In this case, plaintiffs fail to meet the standards required for preliminary injunctive relief.*fn5 Denying the preliminary injunction in this case would not lead to irreparable harm. If the election is allowed to proceed without Jennings, and if after a hearing on the merits this Court were to determine that Plaintiffs had successfully made their § 1983 claim, this Court could order a re-election as a remedy. See Gold, 101 F.3d (reversing preliminary injunction to delay primary election because state law remedy of ordering a new election later on was adequate); Id. at 803 (Oakes, J., concurring) (noting that federal courts' monitoring of election violations in state primaries would involve "extremely complicated questions of remedy, including whether to order a re-election overall or only in certain districts, etc.").*fn6
More to the point, however, plaintiffs' own papers suggest that they have brought this injury on themselves, as defendant has pointed out, by delaying several weeks after the ruling by the Supreme Court on August 10 before bringing this case here on the eve of the primary.*fn7 Whatever injury has been suffered as a result of any erroneous decision by the Board of Elections could not conceivably be remedied in the few days remaining before the election.
In any event, one element of plaintiffs' claim is of course that they have been injured as a result of the Board's procedure. To establish that the designating petition was in fact valid, they must show that a sufficient number of invalidated signatures should not have been invalidated. Since plaintiffs have not identified any such signatures (apart from that of plaintiff Lino),*fn8 much less offered any evidence why the Board's findings were wrong, they have not even begun to make a showing which would, perhaps, be sufficient at a hearing on the merits. The mere fact that the Board and state court divided the invalidated signatures into categories, as noted in plaintiffs' filings, is not evidence that a sufficient number of signatures invalidated by the Board and the state court could be rehabilitated to validate the designating petition. This Court cannot be expected to issue a preliminary injunction on mere conclusory statements by movants.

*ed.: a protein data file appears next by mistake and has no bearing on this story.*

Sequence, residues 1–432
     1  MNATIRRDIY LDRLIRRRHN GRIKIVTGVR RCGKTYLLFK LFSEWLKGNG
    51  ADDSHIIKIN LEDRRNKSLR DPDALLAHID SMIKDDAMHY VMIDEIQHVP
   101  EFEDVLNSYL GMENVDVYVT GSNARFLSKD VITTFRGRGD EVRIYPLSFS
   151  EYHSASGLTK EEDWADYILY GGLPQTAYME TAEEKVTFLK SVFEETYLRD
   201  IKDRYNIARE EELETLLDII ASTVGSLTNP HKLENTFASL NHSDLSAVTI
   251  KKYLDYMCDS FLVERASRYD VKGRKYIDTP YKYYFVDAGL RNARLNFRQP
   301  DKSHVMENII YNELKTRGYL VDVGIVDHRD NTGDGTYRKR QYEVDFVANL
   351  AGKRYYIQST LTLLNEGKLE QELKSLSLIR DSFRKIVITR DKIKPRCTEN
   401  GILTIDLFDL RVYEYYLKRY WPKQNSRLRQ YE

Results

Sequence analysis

In addition, for the reasons discussed below, plaintiffs are unable to show a clear or substantial likelihood of success on the merits. Therefore, the preliminary injunctive relief requested by plaintiffs may not be granted by this Court.